Fire and Ice Festival at the Glenwood Caverns Adventure Park on Iron Mountain on Saturday
Although the days are slowly getting longer, winter celebrations continue in the dark and cold month of January.
“We wanted to give the community and our guests something fun to do in the month of January, and something different, like fire and ice,” Kate Henion, the marketing and sales manager at the Glenwood Caverns Adventure Park, said.
The Glenwood Caverns Adventure Park is putting on a new celebration called the Fire and Ice Festival, so people can enjoy the aspect of both elements.
The festival will feature the Dance of the Sacred Fire fire dancers, coupled with an ice tower, ice sculpting, and live music. The juxtaposition of the elements will be a sight to behold.
“It’s going to be something really visually stunning to see,” Henion said.
There will be two fire dances during the event. The evening will open at 4 p.m. with live music from the Missing Link Band.
There will also be live, interactive ice sculpting with Colorado Ice Works that will begin on Friday and continue into the event on Saturday.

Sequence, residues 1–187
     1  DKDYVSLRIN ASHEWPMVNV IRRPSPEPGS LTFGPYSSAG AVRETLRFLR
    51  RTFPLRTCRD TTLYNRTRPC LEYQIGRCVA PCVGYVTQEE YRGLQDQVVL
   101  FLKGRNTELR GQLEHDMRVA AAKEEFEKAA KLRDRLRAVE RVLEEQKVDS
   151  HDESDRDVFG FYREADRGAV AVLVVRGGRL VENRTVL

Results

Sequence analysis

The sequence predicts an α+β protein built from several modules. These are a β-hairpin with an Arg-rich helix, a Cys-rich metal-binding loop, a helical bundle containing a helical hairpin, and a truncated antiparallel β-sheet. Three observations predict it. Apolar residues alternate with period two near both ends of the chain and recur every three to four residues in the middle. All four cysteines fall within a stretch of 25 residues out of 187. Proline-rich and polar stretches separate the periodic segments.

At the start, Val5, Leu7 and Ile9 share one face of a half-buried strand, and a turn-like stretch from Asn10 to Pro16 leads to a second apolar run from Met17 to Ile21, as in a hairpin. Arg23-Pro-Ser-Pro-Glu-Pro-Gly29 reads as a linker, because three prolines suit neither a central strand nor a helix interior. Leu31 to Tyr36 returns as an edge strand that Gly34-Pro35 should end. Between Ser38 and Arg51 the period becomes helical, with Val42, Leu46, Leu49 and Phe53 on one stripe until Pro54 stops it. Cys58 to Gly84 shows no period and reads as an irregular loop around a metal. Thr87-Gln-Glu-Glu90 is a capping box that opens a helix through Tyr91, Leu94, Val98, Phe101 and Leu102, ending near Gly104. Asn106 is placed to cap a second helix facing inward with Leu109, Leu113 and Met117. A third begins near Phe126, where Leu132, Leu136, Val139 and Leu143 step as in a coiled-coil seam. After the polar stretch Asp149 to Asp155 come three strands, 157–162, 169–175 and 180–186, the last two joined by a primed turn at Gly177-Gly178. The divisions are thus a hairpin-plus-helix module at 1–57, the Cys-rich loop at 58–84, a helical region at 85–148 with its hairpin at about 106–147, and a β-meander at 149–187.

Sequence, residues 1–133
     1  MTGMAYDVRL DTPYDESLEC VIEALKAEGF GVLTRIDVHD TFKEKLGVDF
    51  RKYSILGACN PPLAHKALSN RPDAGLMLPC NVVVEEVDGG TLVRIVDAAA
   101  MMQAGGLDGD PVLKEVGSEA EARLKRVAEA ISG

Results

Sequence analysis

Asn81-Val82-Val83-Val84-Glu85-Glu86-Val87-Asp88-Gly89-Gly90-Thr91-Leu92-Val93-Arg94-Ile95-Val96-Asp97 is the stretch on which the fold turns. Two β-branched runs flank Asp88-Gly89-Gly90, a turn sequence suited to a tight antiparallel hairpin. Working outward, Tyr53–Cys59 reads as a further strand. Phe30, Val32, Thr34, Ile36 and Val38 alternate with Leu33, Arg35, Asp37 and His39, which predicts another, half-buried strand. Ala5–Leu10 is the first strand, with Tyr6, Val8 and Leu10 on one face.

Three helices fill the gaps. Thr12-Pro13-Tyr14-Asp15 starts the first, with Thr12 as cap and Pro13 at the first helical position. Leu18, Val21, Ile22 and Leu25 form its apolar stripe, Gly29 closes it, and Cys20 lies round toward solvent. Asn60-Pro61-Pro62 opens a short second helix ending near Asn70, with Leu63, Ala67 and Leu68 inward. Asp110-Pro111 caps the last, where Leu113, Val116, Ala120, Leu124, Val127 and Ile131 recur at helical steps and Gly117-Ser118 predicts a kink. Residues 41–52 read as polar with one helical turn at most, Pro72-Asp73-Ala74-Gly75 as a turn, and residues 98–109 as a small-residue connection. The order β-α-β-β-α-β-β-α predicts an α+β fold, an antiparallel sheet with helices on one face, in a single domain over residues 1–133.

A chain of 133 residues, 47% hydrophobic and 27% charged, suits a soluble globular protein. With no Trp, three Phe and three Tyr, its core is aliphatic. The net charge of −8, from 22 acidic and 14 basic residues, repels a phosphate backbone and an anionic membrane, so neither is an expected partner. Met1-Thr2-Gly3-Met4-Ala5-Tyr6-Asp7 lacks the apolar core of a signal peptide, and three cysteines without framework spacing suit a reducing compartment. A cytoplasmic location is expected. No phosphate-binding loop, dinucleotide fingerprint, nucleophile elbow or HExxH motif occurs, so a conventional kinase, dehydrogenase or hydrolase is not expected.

The sculpting of an ice castle with a slide will begin on Friday, and, on Saturday, the sculpture will be finished, and the sculptors will be working on a bear and an alpine coaster.
“These interactive sculptures are going to be open until Mother Nature melts them; so basically, anytime the park is open, these will be open to the public as long as nature allows,” Henion said.
She said the castle will not be enormous, but it will be big enough to go inside, take pictures, and ride down the slide.
The big fire tower will also have the elemental extremes of an ice tower with fire billowing out of the top, she said.
The event is designed to appeal to all ages, and there will even be drink and food specials throughout the event, like an apple-pie fireball shot and churro sundaes.
“What we really wanted to do as a company was bring something fun, exciting, and something different for everyone to enjoy,” she said.
Activism doesn’t always need to be abrasive or hostile. When seeking a change to a social construct, art can sometimes present a nuance to activism that education and news can’t portray.
Support Local Journalism
Support Local Journalism
Readers around Glenwood Springs and Garfield County make the Post Independent’s work possible. Your financial contribution supports our efforts to deliver quality, locally relevant journalism.
Now more than ever, your support is critical to help us keep our community informed about the evolving coronavirus pandemic and the impact it is having locally. Every contribution, however large or small, will make a difference.
Each donation will be used exclusively for the development and creation of increased news coverage.